Could the HE bill be Labour's poll tax? The THES looks at its implications and assesses its chances
For the first time in history a UK prime minister has staked his premiership on higher education.
In what has been widely described as Tony Blair's "poll tax moment", he has repeatedly insisted that the higher education bill, published on Thursday, is a key plank of his reforms for the public services and that the success of his premiership will be judged on these reforms.
It is a high-risk strategy since almost 150 Labour backbenchers are opposed to variable top-up fees and could sink the bill. Everything hangs on the nature of the concessions made by the government in the student-support package announced alongside the bill.
But Mr Blair has been nothing if not confident, at least publicly. In his new year message, he described fees of £3,000 as fair and predicted that the rebellion against them would fail.
The tortuous passage of last January's higher education white paper to this January's bill has brought about ferocious debate on the future of higher education and of the Labour Party. Variable fees lie at the heart of the dispute.
Wendy Piatt, research fellow at the Institute of Public Policy Research and a former government adviser who argued in favour of variable top-up fees, said: "By introducing variable fees, the Blairite government is tackling the last nationalised industry in Britain.
"Universities were largely protected from the Thatcherite revolution and remained largely dependent on the state. The change to an autonomous market-led sector is radical. It also makes many people incredibly uneasy."
Michael Sterling, chair of the Russell Group and vice-chancellor of Birmingham University, said the debate had been healthy.
He said: "Not since the Robbins expansion of the 1960s has higher education received so much press and political attention. What has changed from when the Dearing report was published in 1997 is a general acceptance of the idea of a student contribution."
Lord Dearing's inquiry into higher education funding, set up with all-party support before the 1997 general election, set the ball rolling on fees. He recommended that all students pay a fee of £1,000 but said maintenance grants must be kept. Instead, education secretary at the time, David Blunkett, brought in means-tested fees and scrapped the grant.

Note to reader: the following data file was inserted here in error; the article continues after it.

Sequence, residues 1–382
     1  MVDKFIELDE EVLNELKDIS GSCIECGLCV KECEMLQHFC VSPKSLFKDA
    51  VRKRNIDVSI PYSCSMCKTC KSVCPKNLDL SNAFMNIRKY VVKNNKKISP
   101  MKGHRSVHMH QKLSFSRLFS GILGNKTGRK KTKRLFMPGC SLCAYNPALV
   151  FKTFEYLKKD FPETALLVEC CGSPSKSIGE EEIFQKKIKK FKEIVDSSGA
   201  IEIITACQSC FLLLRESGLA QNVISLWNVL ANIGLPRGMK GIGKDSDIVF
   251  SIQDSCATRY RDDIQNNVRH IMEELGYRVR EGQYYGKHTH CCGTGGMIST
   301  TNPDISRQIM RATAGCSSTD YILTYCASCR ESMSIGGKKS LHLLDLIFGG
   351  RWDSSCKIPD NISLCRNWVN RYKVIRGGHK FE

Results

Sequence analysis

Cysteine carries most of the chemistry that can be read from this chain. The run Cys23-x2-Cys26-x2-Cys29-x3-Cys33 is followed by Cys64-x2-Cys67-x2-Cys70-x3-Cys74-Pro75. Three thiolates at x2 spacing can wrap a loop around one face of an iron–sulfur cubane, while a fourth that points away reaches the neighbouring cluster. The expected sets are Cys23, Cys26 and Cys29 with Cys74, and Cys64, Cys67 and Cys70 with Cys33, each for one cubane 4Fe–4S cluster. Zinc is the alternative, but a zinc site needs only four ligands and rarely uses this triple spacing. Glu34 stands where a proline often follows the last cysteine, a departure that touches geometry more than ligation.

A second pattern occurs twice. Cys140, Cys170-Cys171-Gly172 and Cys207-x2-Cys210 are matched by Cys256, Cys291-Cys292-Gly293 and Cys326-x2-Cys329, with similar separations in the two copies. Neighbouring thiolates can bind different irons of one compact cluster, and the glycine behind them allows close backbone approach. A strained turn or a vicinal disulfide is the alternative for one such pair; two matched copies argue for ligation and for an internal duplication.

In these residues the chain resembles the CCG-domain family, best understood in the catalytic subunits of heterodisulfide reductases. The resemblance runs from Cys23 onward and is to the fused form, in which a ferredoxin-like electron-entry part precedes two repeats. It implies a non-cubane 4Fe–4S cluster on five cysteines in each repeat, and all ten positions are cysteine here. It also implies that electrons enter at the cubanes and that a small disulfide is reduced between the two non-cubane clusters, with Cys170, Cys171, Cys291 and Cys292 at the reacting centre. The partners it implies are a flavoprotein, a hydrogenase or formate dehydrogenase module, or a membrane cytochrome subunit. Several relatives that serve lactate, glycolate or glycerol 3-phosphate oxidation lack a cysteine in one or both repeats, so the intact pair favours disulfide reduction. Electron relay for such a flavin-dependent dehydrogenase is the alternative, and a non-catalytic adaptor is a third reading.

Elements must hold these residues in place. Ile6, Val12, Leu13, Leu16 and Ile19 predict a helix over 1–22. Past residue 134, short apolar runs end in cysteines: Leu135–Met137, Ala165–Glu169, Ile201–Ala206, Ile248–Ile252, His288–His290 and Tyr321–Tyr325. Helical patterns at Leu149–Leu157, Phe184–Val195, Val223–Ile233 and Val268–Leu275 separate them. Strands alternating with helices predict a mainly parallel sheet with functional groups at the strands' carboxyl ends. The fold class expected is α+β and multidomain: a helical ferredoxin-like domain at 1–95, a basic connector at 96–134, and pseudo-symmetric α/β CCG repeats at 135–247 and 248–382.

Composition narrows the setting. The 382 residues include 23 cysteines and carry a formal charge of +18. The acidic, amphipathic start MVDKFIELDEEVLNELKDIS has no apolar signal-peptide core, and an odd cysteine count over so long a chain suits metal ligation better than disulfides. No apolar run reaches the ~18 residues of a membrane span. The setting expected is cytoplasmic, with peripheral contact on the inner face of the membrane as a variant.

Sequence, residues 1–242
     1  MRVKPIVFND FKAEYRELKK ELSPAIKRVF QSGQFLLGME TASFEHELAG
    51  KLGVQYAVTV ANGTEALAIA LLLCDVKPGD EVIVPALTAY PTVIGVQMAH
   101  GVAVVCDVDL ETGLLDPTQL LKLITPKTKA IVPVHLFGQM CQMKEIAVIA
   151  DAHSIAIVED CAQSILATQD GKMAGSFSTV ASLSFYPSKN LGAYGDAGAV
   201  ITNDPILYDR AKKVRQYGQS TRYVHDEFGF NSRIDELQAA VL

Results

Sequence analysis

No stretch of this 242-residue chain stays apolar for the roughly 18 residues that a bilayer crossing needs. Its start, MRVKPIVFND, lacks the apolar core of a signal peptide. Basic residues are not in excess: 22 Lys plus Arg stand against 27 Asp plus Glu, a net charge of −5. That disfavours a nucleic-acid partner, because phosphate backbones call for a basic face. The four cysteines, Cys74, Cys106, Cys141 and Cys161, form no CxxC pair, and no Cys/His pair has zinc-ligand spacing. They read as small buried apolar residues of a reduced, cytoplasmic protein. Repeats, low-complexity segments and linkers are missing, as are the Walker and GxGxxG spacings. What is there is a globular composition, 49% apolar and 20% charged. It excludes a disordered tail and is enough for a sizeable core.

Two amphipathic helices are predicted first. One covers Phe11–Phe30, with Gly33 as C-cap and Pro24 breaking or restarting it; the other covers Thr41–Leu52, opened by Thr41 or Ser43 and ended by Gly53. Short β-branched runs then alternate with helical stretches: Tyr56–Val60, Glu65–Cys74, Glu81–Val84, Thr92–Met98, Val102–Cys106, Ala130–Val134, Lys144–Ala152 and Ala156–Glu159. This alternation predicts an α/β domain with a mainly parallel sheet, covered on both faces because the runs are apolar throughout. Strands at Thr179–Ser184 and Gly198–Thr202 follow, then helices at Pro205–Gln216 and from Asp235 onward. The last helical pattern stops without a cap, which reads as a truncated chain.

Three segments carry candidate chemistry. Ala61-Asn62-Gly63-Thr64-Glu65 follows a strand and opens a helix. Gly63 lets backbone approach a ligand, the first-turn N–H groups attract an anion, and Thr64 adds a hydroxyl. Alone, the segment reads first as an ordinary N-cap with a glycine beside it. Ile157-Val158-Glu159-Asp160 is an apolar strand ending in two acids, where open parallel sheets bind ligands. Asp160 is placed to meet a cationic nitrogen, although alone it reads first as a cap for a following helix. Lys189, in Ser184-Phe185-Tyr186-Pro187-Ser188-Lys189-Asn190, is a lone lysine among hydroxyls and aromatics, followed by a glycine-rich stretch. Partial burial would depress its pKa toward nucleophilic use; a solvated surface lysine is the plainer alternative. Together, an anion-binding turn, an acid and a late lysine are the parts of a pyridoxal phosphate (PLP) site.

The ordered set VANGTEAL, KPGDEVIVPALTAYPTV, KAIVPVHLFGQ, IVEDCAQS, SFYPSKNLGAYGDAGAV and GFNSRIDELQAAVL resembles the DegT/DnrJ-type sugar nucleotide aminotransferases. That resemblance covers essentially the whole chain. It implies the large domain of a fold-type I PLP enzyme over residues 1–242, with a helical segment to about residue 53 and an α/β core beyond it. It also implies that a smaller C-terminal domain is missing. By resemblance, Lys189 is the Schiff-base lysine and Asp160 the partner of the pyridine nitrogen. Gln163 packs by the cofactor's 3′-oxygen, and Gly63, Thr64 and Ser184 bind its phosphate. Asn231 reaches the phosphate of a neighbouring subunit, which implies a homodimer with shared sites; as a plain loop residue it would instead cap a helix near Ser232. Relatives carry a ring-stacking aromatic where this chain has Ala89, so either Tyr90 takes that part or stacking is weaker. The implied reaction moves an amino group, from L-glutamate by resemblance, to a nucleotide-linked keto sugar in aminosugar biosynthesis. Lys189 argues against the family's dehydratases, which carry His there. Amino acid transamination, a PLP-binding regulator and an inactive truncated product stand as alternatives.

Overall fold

Rattled by voter disapproval in the 2001 election campaign, Mr Blair promised a review of student funding at Labour's annual conference that year. The result, two and a half years on, is the bill.
Most will be glad that the bill will end upfront payment of fees, and those fighting for variables will be relieved to see they are still in the bill - albeit capped.
Andrew Adonis, former Oxford academic and Liberal Democrat, has been credited with persuading the prime minister to go for higher fees and the creation of a tier of elite research universities.
Economists Nicholas Barr and Iain Crawford of the London School of Economics argue that free higher education redistributes to the best-off.
Professor Barr said: "Graduates are crucial to the future economic prosperity of this country. A degree is not a middle-class luxury. We must expand higher education and students must contribute."
Those worried about the impact on access, such as Claire Callender of South Bank University, will be pleased to see the level of the grant.
The focus on funding must not obscure other aspects of the bill.
Universities UK has long pointed out the importance of the establishment of the Office of the Independent Adjudicator and the Arts and Humanities Research Council.
What most commentators are agreed on is that it will be disastrous for higher education if the bill fails. Mr Blair has made it plain that there is no plan B. Michael Driscoll, chair of the Coalition of Modern Universities and vice-chancellor of Middlesex University, said: "The devil will be in the detail. The government duped us last time by taking the amount we gained in fees straight out of the teaching grant. We will not be duped again."